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Democrat Representative John Lewis (Georgia) has added his name to the growing list of lawmakers who refuse to attend next week's Inauguration of President-elect Donald Trump. He joins fellow Democrats Barbara Lee (California), Earl Blumenauer (Oregon), Katherine Clark (Massachusetts), and Luis Gutierrez (Illinois).

Lewis appeared on this week's NBC's “Meet the Press” which airs Sunday, explaining his decision:

"You know, I believe in forgiveness. I believe in trying to work with people. It will be hard. It's going to be very difficult. I don't see this president-elect as a legitimate president.

I think the Russians participated in helping this man get elected. And they helped destroy the candidacy of Hillary Clinton.

I don't plan to attend the Inauguration. It will be the first one that I've missed since I've been in Congress. You cannot be at home with something that you feel that is wrong, is not right.

I think that it was a conspiracy on the part of the Russians, and others, that helped him get elected. That's not right, that's not fair! That's not the open, democratic process."

The president-elect quickly responded to Lewis's comments via Twitter:

There were a number who criticized Trump right back:

But they may have been better served to check out the statistics...

Representative Lewis has served his Georgia community — in a district that includes the city of Atlanta — for three decades. And Atlanta, at least in regard to crime, does not appear to be much better for his service.

Despite the overall crime rates trending downward slightly in the last 15 years, Atlanta still compares poorly to the rest of the state of Georgia:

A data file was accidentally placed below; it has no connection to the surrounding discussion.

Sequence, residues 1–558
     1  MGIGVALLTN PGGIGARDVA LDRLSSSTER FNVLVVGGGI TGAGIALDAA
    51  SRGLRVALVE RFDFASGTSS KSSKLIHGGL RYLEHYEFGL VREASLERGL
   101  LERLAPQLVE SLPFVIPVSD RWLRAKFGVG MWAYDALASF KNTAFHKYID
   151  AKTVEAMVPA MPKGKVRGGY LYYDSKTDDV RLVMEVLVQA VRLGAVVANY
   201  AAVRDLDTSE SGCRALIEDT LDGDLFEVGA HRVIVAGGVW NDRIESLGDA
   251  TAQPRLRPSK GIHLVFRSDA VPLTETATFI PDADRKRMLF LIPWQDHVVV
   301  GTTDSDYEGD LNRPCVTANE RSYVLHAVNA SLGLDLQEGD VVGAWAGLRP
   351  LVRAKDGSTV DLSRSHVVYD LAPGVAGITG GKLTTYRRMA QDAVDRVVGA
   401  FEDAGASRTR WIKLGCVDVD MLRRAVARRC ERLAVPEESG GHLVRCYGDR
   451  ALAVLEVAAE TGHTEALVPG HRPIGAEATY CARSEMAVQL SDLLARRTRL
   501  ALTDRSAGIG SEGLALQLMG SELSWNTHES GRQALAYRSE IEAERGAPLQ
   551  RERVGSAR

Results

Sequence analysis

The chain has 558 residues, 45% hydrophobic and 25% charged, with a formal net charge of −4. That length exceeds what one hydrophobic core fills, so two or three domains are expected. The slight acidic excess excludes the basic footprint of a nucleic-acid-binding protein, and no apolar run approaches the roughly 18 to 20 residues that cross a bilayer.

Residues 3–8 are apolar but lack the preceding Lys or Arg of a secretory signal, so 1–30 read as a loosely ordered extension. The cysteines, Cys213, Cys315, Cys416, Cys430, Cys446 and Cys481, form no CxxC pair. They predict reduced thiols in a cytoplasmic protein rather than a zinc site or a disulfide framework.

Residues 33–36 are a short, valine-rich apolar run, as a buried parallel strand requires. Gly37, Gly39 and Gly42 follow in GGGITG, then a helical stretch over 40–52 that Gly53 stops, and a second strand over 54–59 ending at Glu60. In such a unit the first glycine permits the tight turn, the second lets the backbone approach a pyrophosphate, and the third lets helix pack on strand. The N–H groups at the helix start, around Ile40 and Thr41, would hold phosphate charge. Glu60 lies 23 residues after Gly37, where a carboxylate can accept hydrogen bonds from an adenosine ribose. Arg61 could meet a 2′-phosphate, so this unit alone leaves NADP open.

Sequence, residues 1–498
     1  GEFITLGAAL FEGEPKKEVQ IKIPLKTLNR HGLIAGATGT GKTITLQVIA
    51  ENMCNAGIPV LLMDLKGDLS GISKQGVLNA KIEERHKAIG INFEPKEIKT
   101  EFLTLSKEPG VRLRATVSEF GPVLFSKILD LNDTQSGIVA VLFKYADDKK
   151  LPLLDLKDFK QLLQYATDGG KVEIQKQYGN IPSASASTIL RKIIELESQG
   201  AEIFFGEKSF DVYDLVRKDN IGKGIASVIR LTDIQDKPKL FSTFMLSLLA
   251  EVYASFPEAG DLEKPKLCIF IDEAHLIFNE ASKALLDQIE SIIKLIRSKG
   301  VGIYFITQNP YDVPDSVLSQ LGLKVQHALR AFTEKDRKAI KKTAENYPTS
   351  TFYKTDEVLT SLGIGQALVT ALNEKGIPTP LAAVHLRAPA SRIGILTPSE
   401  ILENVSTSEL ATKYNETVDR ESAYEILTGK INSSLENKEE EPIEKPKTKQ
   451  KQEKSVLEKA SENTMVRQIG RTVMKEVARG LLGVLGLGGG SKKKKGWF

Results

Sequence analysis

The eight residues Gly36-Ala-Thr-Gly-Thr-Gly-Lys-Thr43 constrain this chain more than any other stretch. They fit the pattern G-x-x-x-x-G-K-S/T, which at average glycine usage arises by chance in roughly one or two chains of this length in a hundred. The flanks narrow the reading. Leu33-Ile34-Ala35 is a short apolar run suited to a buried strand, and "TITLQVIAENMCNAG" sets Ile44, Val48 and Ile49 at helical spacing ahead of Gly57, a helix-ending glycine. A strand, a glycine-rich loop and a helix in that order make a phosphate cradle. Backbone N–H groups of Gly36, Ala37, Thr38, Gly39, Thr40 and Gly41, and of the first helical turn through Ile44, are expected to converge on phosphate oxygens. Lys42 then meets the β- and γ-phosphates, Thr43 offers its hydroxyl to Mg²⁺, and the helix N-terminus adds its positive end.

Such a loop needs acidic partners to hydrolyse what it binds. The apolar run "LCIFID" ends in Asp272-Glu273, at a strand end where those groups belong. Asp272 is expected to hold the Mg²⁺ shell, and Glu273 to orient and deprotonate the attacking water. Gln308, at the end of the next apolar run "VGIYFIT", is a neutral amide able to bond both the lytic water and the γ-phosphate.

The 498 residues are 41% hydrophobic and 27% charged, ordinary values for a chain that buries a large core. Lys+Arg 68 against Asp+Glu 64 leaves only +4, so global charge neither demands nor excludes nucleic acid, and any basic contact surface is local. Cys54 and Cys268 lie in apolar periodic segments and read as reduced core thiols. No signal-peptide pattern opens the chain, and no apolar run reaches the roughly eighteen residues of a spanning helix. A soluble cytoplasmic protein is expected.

Screenshot/Neighborhood Scout

Atlanta averages 264 crimes (statistics measured include both violent crimes and property crimes) per square mile, compared to 30 per square mile in the rest of the state Georgia. The national median is 32.

Screenshot/Neighborhood Scout

Atlanta does just as poorly in terms of violent crime — the chances that one will become a victim of a violent crime in Atlanta are 1 in 85. The rest of the state lines up with the national median, which suggests that 1 in 264 people will be a victim of a violent crime.

Atlanta compares poorly to the rest of the country, as well:

Screenshot: Neighborhood Scout

Neighborhood Scout's crime index rates Atlanta as a 2 — meaning that it is “safer” than only 2% of U.S. cities. For comparison: Chicago is rated as an 11, New York is rated as a 27, and Los Angeles is rated as a 19. Even Washington, D.C., eked out a higher rating at a 3.

Whether or not the president-elect's penchant for attacking his critics on Twitter is a good idea, at least in this case, his return fire may have come close to the mark.

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